May is Foster Care Awareness Month and the Adoption Center is kicking off our 50th-anniversary celebration! Join us throughout the year as we share updates from the families we've helped come together, introduce you to the team behind the scenes, and bring together our supporters who make it all possible! We will also have special events such as a virtual run/walk, kicking-off May 15th. Our success depends on you, so thanks to you and all of generous supporters!
What does 2021 hold for the work of the Adoption Center? We enter this new year with the same resolve; to fulfill our mission to create permanent environments for the children in foster care. In this challenging time, we are adapting our work to create virtual events for the families to meet the children who are ready for adoption. We are hopeful to be able to return to in-person matching events later during this year. We have plans to resume our podcast again as we know that the information about foster care adoption is a valuable service to provide to our community.
Families are a critical resource for the population of children in foster care who need a new foster or adoptive parent. There are not enough homes to serve all the children who need a place, that is why in 2021 we will focus on holding on to those families who contact us for information about how to start the process of foster/adoption. Our retention of families will help all the communities we serve in Pennsylvania, New Jersey and Delaware.
We are connecting to organizations like ours who are serving the same population of children in foster care to find new partnerships, collaborations and joint efforts. These relationships will only make our impact greater and our work in the community deeper. Our focus in 2021 and the questions we must ask: how can we do what we do better? Is what we are doing achieving the desired outcomes? Our work for the children in foster care and the families who enter the process is important and honestly evaluating our progress is one way to achieve our goals and grow in the process.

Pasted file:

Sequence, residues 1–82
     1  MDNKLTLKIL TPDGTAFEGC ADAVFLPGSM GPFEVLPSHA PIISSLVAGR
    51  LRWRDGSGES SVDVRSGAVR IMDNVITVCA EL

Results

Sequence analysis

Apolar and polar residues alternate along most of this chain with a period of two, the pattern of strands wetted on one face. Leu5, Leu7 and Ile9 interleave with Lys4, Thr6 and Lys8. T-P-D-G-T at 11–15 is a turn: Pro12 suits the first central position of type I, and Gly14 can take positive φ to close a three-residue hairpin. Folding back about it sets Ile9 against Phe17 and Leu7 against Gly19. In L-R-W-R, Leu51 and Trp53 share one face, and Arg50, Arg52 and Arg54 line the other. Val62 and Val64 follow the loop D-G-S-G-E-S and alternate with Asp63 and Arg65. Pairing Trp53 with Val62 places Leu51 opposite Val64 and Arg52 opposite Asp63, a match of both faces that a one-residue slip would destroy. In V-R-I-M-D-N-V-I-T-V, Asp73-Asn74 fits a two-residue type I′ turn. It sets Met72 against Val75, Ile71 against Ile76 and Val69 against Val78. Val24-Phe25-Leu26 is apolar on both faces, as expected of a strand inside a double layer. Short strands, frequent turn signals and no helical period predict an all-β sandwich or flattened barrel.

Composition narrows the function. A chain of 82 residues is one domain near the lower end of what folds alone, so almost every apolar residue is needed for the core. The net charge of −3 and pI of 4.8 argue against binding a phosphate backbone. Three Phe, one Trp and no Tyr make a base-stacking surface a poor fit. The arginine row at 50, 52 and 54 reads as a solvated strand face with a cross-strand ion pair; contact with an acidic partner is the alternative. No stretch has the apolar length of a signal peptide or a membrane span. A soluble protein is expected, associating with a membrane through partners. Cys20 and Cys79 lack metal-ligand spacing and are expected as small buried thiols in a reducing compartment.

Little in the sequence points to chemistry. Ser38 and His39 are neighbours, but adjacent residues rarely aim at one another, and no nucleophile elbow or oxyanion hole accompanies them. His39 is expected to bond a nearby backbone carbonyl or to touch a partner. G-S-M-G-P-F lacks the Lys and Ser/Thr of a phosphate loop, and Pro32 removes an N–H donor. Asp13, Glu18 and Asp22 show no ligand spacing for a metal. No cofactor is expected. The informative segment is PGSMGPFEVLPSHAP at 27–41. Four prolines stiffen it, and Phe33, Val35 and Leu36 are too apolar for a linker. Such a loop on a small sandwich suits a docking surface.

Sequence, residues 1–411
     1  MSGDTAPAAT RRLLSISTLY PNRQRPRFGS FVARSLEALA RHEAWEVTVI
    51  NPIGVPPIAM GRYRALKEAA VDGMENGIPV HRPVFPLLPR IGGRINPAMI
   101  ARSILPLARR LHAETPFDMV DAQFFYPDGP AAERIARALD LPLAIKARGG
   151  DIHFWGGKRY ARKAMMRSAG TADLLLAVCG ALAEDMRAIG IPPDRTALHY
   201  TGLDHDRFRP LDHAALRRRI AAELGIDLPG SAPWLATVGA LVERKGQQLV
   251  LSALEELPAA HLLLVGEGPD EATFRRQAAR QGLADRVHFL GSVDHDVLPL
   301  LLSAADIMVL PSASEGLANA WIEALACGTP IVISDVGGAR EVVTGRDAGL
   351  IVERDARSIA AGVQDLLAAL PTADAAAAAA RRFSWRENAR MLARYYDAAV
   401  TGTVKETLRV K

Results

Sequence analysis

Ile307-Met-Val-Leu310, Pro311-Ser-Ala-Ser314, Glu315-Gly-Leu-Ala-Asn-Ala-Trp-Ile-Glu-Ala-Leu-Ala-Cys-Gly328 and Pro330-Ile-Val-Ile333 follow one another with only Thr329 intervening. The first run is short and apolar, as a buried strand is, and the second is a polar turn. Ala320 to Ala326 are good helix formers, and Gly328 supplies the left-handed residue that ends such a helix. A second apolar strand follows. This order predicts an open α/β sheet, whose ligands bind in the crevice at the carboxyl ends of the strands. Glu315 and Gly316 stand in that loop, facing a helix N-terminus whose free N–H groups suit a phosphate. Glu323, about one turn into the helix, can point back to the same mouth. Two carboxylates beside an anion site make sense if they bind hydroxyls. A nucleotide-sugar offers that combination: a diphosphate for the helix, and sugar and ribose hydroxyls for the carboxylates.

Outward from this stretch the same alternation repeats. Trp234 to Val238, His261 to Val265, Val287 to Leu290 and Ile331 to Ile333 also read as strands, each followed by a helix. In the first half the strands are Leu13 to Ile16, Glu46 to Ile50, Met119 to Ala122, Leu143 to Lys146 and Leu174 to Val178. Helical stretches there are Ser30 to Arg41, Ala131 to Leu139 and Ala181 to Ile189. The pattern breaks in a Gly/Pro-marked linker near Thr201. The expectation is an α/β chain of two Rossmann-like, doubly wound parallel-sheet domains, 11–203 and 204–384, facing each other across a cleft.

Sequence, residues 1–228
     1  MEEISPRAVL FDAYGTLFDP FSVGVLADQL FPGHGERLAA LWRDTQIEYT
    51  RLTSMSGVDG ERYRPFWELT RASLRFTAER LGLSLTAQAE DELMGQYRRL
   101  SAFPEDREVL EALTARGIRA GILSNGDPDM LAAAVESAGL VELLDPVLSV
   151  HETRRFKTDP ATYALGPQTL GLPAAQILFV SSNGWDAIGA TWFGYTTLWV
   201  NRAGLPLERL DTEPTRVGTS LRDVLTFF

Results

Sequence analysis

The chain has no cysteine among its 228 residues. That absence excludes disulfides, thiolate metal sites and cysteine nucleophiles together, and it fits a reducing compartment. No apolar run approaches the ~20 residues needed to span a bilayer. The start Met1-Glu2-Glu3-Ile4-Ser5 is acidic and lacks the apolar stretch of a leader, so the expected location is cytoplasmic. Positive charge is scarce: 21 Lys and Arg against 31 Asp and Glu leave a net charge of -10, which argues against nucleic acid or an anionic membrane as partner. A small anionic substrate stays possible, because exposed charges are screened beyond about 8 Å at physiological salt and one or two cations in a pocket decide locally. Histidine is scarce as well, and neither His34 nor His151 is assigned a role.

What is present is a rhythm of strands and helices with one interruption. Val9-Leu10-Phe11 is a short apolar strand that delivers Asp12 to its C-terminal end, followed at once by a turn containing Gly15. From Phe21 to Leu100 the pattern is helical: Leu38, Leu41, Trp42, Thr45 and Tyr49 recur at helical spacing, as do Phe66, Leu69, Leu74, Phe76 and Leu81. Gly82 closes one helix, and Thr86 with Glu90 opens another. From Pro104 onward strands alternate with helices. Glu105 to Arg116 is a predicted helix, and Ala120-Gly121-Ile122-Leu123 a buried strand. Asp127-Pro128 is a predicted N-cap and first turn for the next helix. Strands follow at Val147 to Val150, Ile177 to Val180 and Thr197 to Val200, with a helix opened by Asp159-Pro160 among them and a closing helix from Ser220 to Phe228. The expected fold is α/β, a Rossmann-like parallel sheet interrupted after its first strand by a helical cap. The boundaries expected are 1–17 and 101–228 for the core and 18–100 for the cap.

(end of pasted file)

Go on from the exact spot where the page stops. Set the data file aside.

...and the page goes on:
Often when families think about adoption, the first thought that comes to mind is of infants or younger children. Sometimes families are hesitant about adopting older youth due to the fear of the unknown. For some, the thought is "will it be difficult to foster a teenager?" or "Will a teenager adjust to living in a new home with new rules?" The reality is teenagers need loving forever homes too! Just like younger children, teenagers thrive emotionally and socially from the secure attachment offered by their caregivers. According to research completed on interpersonal neurobiology (2015), the type of attachment a child forms at an early age impacts their ability to form adult relationships. If a child does not form a secure attachment with their caregiver during the early stages of life, the child’s brain can still be nurtured during early adolescence to alter the way they form attachment bonds. Older youth in foster care often believe that the older they get, the less likely they will be adopted by a family. This mindset instills fear in the teenager that they will never find a family because they are too old. Eventually, they give up hope, and the lack of hope creates a lack of enthusiasm.
In Pennsylvania, there is a large number of youth aging out of the foster care system without the skills they need to thrive as adults. Nationally, among older youth, 32% age out of foster care without being reunited or connected with family. Foster care makes youth so dependent on their caseworkers and staff that when they get out on their own, they are lost because they are required to do everything for themselves without family or permanent connections that they can depend on when they need help. Teenagers who age out of the foster care system without a family must fill the void of not having a mom or dad to come home to or having someone to call at the end of the day. For the youth facing the world alone with no one to support their journey into adulthood is tough because the fact is everyone needs someone or a place to call home.